The proliferation of new music-download services will lead device makers to unveil a new generation of smaller, sleeker and cheaper MP3 players this autumn, perhaps knocking Apple from its dominant position in the digital-music industry.
According to a Reuters report, Apple's consumer electronics rivals are hoping that the proliferation of companies trying to sell digital music on the Web – in a format incompatible with the iPod – will cause sales of their music devices to increase.
Rio VP of marketing Dan Torres predicts that music service providers will be a "key driver" of device sales. He said: "The market is definitely heating up."
Choices for a growing market
Many of the new iPod alternatives are not trying to compete with Apple's iPod. They hope to cater to consumers who are looking for less expensive, lower-storage-capacity flash-media players or entry-level hard-drive players that hold more than 1,000 songs – more the market of the iPod mini.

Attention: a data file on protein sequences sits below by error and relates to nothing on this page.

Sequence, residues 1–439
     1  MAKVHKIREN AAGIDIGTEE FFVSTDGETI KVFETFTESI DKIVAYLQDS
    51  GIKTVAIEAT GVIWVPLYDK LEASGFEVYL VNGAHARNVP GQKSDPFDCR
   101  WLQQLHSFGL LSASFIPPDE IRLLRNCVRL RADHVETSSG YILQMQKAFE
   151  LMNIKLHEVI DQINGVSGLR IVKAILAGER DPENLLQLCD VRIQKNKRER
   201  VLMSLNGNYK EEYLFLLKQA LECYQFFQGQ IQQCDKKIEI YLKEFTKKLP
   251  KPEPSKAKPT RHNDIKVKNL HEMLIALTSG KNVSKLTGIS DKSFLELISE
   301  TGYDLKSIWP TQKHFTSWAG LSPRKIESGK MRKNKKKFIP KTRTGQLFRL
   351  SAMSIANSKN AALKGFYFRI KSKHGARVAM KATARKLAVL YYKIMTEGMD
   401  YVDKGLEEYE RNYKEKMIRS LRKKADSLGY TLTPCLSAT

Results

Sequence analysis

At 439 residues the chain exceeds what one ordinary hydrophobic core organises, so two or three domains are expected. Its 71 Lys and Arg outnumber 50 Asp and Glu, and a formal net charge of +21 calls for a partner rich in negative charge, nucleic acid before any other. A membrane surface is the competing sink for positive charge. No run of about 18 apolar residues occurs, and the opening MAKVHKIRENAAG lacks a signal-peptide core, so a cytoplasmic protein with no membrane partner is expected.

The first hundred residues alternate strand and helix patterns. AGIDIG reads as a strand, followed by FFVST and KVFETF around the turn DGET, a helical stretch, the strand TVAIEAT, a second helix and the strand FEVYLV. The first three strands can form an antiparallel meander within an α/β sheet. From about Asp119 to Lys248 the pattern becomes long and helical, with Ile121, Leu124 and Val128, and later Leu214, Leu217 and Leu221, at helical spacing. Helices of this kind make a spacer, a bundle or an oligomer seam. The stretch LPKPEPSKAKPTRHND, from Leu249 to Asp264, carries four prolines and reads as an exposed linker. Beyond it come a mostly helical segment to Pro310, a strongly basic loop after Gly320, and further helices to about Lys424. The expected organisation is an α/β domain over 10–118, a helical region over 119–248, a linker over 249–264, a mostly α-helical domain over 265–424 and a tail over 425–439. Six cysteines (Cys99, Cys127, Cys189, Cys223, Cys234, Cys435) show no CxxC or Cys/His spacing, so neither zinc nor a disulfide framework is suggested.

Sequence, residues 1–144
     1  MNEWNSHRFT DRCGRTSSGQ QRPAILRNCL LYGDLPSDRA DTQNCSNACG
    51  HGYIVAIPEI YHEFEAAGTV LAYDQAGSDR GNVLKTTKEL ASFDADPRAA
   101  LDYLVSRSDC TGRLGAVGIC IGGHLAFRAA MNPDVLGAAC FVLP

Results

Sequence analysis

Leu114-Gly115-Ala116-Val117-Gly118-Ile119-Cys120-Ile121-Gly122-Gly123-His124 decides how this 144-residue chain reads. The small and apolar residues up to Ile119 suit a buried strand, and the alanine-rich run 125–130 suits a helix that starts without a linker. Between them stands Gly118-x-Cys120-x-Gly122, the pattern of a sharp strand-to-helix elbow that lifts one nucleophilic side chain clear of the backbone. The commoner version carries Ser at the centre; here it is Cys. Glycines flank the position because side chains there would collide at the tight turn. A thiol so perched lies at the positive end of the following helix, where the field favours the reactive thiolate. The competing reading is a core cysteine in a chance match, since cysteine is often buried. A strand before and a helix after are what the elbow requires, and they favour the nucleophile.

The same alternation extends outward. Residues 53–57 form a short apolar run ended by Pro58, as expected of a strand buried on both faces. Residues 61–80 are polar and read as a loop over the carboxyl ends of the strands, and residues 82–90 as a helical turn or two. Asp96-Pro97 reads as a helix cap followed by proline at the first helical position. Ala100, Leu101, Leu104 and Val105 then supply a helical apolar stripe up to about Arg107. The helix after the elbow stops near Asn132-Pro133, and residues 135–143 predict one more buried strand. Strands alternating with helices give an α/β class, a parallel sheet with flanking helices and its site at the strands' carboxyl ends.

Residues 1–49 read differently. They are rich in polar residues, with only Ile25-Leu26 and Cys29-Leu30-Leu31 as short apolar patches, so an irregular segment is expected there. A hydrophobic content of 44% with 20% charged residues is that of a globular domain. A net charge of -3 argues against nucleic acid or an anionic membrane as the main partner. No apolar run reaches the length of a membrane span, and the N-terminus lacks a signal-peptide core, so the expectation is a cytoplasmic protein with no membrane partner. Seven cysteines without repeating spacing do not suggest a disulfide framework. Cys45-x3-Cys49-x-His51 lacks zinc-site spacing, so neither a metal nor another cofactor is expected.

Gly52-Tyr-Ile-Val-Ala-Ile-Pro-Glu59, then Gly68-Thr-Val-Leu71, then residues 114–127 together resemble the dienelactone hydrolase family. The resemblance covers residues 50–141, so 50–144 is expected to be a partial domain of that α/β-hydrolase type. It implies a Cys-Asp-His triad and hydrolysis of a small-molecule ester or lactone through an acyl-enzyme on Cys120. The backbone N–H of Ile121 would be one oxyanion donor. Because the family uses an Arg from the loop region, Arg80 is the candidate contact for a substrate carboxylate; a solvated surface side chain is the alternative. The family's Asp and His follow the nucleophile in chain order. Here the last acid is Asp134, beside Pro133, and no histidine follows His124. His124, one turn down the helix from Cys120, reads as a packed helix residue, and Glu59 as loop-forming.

One label executive told Reuters: "Not everyone needs a 40GB player and that's where companies are seeing opportunity."
And with flash memory prices dropping, flash players are likely to become a significant portion of the digital music player business, suggests the report.
Sony Electronics product manager Kelly Davis said: "Flash is going to be here for a while, because it's more affordable. People are trying to get more capacity for their dollar."
Cheaper options are even leading some consumers to buy more than one player. According to Rio's Torres: "Cheaper flash prices are leading some consumers to purchase a flash player for the gym and active situations and a hard-drive player for power use."